Remember - all bikes handle like crap offroad with two passengers and gear loaded on them. If I was riding two up, even for only part of the trip, I'd go with the GS.
You'll be really cramped on the XR, so even though it's a great dirt bike, you won't be able to move around and take advantage of its handling with someone on the back, or with gear piled up on the back.
If I wasn't going to ride two-up, it would be a no-brainer - get an XR and find some way to make the seat more comfy.
Don't sweat the power question. Whatever you choose, it has ENOUGH power.
We and lots of others have ridden rtw on an R80G/S, and they have more than enough power to ride around the world. Not to say we wouldn't like more, but in the third world you absolutely don't NEED more - it's NOT like you're riding the M25! More power will get you into more trouble as a rule. Slow down and relax and you'll be fine. Remember people have ridden rtw on postie bikes - Honda CT110's and many other tiny bikes, sometimes even two up.
As for off-road handling two-up - whazzat? I think that's an oxy-moron. Two up fully loaded with luggage your off-road method is slowly putting along and keeping the wheels vertical, pointed in the right direction and rolling smoothly, and that's about it.
I even run a pure street tire on the back because it lasts twice as long, and it's fine off-road - when I'm two-up loaded with luggage.
Lots of people have done rtw on pure street bikes - R80RT, Gold Wing, Harley ELectra-Glide etc.
re "we're not bothered about comfort as you get used to it " - is true but only to a point on a long long ride - you get tired of it too! Think about LIVING with it ALL the time. Comfort counts.
600 singles generally last very well these days, 6000 miles is easy. The KLR, F650 and KTM will all do rtw nicely. The KLR needs some tweaks to do it, but it's cheap. The only one generally reputed to be suitable for two-up long distance is the F650.
Good advice from Grant I think. Ive seen plenty of happy overlander couples on Transalps and Africa twins. A few on F650s too, although it helps if the two of you are smallish.
Being a TA rider I would recommend its reliable smooth V-twin over the F650 single (the two bikes weigh nearly the same so both are equal off-road, which is to say, decidedly average).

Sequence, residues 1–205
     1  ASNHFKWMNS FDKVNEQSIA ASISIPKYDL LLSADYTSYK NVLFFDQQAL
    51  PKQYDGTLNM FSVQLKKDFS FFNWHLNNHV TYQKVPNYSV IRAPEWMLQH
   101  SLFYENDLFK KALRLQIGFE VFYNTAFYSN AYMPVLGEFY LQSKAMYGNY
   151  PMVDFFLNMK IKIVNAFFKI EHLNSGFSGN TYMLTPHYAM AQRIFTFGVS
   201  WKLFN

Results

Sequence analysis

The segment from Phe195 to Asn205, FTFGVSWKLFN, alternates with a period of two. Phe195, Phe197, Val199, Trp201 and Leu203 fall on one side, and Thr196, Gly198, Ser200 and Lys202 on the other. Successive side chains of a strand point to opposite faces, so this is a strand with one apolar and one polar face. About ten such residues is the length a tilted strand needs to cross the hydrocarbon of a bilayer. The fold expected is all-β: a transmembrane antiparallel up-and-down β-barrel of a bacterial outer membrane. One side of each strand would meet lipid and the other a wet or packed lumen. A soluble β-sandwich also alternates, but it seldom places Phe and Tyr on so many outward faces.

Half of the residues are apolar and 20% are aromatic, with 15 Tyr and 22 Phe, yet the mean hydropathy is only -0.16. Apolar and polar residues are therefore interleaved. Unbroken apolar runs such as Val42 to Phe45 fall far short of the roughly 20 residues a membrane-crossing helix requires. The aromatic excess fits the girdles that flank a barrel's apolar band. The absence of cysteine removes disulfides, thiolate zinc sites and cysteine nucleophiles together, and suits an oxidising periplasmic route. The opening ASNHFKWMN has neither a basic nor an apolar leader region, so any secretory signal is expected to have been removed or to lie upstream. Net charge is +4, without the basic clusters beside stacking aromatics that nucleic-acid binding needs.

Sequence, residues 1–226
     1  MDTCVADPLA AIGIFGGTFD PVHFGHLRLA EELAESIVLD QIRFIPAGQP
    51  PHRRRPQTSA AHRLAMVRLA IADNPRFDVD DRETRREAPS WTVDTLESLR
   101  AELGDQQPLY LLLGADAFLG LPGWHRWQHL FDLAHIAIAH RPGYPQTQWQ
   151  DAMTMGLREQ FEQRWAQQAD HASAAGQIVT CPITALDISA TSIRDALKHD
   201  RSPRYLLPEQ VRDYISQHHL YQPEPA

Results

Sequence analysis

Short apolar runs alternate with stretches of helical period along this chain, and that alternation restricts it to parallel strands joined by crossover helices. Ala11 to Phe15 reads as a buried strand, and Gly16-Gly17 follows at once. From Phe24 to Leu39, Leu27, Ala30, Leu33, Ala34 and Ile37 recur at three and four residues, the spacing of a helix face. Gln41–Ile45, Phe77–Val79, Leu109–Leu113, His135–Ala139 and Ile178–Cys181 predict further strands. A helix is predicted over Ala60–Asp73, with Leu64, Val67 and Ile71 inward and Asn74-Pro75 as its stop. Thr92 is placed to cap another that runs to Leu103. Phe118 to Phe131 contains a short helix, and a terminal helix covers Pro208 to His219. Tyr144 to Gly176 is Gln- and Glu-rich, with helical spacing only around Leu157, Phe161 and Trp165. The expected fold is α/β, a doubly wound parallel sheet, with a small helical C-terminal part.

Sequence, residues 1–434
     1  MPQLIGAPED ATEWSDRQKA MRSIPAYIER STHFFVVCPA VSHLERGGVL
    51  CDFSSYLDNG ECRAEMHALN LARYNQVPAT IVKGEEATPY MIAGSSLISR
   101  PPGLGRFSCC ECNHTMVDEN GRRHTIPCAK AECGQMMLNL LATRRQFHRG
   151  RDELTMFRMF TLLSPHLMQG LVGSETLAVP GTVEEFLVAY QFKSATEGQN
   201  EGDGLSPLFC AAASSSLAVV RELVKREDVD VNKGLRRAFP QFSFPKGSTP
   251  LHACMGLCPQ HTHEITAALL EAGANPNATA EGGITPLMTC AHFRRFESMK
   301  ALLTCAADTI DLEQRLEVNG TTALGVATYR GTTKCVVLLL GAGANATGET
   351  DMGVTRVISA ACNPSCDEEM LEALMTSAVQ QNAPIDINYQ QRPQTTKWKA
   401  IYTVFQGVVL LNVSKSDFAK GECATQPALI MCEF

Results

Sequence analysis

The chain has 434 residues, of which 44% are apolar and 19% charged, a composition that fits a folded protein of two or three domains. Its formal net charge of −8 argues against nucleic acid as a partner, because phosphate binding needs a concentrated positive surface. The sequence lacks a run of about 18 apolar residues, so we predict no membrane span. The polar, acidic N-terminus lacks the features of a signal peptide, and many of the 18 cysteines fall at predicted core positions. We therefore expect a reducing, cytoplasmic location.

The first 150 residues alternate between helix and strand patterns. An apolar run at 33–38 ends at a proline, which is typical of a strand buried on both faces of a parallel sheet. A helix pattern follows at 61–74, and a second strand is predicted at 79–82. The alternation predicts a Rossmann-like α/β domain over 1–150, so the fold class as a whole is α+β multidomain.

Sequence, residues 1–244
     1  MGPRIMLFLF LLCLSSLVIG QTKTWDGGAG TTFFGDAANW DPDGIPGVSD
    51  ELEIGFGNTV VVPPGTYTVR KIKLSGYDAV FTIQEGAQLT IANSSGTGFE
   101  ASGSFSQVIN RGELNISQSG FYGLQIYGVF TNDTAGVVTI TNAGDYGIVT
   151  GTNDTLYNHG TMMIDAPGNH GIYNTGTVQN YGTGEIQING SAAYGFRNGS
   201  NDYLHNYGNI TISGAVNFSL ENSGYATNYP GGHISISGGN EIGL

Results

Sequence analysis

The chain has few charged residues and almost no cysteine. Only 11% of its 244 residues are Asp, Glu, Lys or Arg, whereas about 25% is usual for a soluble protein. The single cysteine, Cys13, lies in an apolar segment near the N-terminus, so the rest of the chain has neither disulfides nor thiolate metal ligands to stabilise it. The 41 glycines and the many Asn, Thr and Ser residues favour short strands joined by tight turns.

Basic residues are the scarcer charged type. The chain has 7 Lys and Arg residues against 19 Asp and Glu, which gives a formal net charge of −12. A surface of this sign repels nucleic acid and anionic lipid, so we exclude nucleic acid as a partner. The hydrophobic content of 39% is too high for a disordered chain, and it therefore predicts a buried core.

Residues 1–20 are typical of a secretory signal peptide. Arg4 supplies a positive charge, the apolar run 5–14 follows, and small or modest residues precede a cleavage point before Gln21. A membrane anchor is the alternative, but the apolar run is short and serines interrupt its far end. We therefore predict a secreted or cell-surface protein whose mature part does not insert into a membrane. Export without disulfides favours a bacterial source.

I am surpised more people dont choose the DR650 for single-travel overlanding. It is the lightest in its category. If you go with soft luggage to keep the weight advantage then it would appear to be genuinely distance AND off-road capable. Not many like that.
I've done a couple of weekend campinf trips, two up on a DR650 RS (fairing, big tank etc) and found that the bike was fairly cramped. It is much happier one up. The same trips have been done two up on my AT and despite the harder seat was a much more relaxing experience.
well thanks for all the response and Ive picked up quite a bit from these posts.
looks like a G/s is winning at present but they are a bit old and I think parts may be harder to find for a bmw in africa and asia ( i plan to do a further trip the following year) and buying a good one is hard as most have been to the moon and back so need a rebuild which makes em cost a lot more.
The reliability is also concerning me, they were reliable compared to bikes of it's era but i don't think there comparable to new bikes such as an AT unless totally rebuilt which i cannot be bothered to do.
Off road is gonna be done one up and the passenger will be on road for 3-4 weeks only out of the 3-4 months i plan to take.
The DR650 was a thought but reliability was not there without a lot of looking after, same as th XT, they seem to leak oil frequently.
Power isn't needed I know but hey I like it, I'm not talking a hyabusa but a bit of squirt keeps me awake and I enjoy the journey a bit more
I don't know about Asia but in a lot f African countries the police or the army used to ride old BMW's and they have a lot of parts. In Lusaka I got a "new" alternator from a used police-BMW. Most parts are interchangeable between R80GS, R80G/S and R100G/S.
Most countries have some people that drives BMW-cars and the part-ordering system is the same for cars and motorbikes. If the shops order your parts for you then you can use their "proffesionals" channels without having to fight customs and red tape yourself.
Try that on a Honda-dealer, even if you find a motorbike-dealer he will tell you that they don't sell parts for bigger bikes then 250s...